Developmental Milestones

Developmental Milestones md top10mdEach stage in a child’s life brings new challenges and as a parent, you rejoice as your child reaches their developmental milestones. When your child takes their first step or smiles for the first time, you feel a lot of joy. Every doctor’s visit reveals how much your child is growing and how well they are developing. Some children develop faster than others and hit developmental milestones ahead of time. If your child is not hitting their milestones as quickly, it is not something you should worry about too much. They will eventually hit them.  Knowing the different milestones and having realistic expectations will rid you of the anxiety and worry about your child’s development.

When a child is first born, hearing their cry brings great relief and a feeling of elation. They had a nine-month journey in the womb, but now the real journey begins. From day one, doctors and nurses are analyzing them and checking everything from breathing, to hearing. Within a week’s time, they are already hitting certain milestones. It is amazing to see how much they are changing right before your eyes. If this is your first child, you are in for a challenge. You have a lot of questions and are unsure at what point your child should be doing certain things. If this is not your first child, you are probably going to compare the development of this child with your last child. No matter what the case is, being educated on milestones is important.

Milestone Ages

When a doctor examines a child’s development, they do it based on age bracket. In the first two years of life, a child has several doctors appointments; this is because there are many milestones to reach during that time. After the second year of life, a child only needs to see a doctor once a year. Development slows down some and can be measured yearly instead of monthly. The milestones go in sequential order and are correlated to the doctor’s visits. Milestone ages are as follows:

Before the 2-month development milestone stage, you will see the doctor for a one-week visit and a two-week check. There is no need for a one-month check. After two years old, there is a visit once yearly up until the age of five. After five, you should still take your child to the doctor yearly, but it is not as crucial partly because your child is caught up on all their vaccinations. Your child will probably not need another vaccination until they turn 11 years old.

Stages of Development

When talking about development, the doctor is not only looking at physical development. They analyze the social and emotional development, cognitive skills, as well as communication. Here are the milestones your child should be reaching at each stage.

Developmental Milestones

Age Physical Development Cognitive Skills Social/Emotional Communication
2 months Ability to hold head up and during tummy time can lift up. Can look you in the face and follow with their eyes. They start to get fussy. Starts smiling socially and may begin sucking thumb Turns to sound and coos
4 months Hold head up without help and can roll over from their tummy to their back. They can push up on elbows and put pressure on their feet. Shows whether or not they are pleased. They respond to care and shows affection. Reaches for toys. Begins to play with others and has more facial expressions including frowning. Babbles a bit and tries to copy sounds. They develop different cries.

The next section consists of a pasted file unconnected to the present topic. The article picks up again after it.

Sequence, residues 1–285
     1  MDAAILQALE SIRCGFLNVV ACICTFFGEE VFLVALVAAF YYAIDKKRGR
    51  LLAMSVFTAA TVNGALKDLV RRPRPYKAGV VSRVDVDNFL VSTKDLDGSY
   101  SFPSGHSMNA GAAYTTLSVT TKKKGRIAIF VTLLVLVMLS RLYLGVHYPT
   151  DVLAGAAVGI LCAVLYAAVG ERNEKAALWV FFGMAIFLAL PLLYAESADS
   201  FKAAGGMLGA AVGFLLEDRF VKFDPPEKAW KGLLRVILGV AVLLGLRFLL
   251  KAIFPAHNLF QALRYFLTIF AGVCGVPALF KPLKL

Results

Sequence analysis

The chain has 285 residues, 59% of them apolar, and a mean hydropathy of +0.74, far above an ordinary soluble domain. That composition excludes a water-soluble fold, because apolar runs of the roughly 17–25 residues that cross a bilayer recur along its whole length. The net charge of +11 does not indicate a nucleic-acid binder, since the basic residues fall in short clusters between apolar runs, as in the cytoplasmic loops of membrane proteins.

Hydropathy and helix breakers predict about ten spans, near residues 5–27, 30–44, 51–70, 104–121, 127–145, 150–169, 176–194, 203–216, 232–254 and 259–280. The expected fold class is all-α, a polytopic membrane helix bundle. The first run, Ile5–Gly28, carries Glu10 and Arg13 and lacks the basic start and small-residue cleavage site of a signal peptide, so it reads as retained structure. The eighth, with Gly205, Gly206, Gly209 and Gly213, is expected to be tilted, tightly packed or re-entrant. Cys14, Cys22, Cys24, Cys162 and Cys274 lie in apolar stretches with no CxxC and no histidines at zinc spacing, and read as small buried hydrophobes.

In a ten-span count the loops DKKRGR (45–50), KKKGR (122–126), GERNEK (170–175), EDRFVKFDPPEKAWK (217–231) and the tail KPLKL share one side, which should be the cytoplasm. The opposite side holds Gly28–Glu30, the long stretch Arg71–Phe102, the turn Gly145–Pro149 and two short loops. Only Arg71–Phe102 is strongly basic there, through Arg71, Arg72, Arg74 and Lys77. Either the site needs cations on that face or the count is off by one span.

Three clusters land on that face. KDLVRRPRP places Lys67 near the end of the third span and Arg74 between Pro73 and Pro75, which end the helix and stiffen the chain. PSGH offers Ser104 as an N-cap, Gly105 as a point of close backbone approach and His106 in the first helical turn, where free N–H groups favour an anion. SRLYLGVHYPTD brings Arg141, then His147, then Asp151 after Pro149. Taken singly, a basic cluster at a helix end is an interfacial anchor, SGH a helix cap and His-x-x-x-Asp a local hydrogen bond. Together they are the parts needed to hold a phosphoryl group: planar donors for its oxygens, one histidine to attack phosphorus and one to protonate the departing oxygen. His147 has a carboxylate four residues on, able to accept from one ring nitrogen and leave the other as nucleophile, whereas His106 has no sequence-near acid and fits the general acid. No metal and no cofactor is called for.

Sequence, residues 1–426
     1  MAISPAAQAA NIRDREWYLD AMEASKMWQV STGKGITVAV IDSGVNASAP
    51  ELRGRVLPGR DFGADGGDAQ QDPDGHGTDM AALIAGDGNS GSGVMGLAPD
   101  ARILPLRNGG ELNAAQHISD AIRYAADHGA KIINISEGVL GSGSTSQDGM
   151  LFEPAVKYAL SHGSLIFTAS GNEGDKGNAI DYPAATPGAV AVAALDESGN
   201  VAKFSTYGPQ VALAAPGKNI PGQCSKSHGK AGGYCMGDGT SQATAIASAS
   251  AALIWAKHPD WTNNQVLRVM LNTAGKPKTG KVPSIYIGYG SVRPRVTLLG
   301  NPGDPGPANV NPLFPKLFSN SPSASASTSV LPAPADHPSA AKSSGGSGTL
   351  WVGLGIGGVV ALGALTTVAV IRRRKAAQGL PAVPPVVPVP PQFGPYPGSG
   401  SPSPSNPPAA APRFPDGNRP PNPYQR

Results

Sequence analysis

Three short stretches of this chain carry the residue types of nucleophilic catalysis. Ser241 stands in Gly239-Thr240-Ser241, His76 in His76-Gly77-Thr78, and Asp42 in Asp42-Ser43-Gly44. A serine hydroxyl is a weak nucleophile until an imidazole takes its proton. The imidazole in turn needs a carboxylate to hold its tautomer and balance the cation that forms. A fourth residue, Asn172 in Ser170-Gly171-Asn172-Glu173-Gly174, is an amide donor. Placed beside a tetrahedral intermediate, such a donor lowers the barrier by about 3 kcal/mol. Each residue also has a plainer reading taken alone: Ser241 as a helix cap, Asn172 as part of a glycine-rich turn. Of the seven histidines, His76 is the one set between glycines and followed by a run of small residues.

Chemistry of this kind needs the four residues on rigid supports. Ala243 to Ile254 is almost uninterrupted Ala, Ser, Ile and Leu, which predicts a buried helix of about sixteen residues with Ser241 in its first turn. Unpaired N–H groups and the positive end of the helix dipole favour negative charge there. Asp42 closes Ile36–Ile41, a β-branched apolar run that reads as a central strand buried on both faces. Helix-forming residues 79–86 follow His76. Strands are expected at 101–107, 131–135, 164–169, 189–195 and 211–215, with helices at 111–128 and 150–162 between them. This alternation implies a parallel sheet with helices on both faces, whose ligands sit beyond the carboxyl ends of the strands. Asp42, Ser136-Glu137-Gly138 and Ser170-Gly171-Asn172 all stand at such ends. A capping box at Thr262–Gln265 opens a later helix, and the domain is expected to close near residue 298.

6 months Can roll from front to back and back to front. Start to sit up with no help. Puts weight on legs when standing. Starts putting things in the mouth. They begin to touch and reach for everything. Is now able to switch objects from hand to hand. They know the difference between a stranger and a common face. Notices other’s emotions and responds to them. Begins to talk with vowels and responds to their name.
9 months Standing is a big step. May begin to crawl and sits without any problems. Likes to play peek-a-boo and picks up things with the thumb and first finger. They are very curious and looks around for things. Begins to develop stranger anxiety. Develops a connection with familiar people. May begin saying mama or dada. Copies sound and uses fingers to point at things. Understands the word no, even if they don’t listen.
12 months

(1 year)

Can cruise around and may take a few steps without holding on to something. Likes to bang on things and bang them together. Tends to be a noisy stage in life. Follows some directions and likes to put things away in bins. Cries a lot when parents are gone. Has favorites and shows fear. They wave bye and shakes head. Responds to request and tries to mimic what you say.
18 months Now walking with no help and run. Can now undress and no longer needs a bottle. Starts drinking from a cup. Knows how to use everyday household items. Points to body parts and scribbles a lot. Likes playing with others and shows affection. Tends to be very clingy and explores Is now able to say no and maybe about 3-5 words.
24 months

(2 years)

Is now able to kick a ball.

Can stand on tiptoes and climbing on everything. Can walk up and down the stairs.

Can find hidden things easily. Can finish rhymes and stack blocks. Now begins to show right-handedness or left-handedness Copy everything they see and likes playing with other children. Starts doing what they are not supposed to do. Starts talking in small sentences and following simple instructions. Points a lot at what they want.

(CDC 2016)

Understanding developmental milestones will help you prepare for each stage of life your child will reach. If you think they are not developing properly, talk with their pediatrician about it. It is important to remember every child is different. Do not get discouraged; soon they will be running and talking so much, you almost wish they were babies again.


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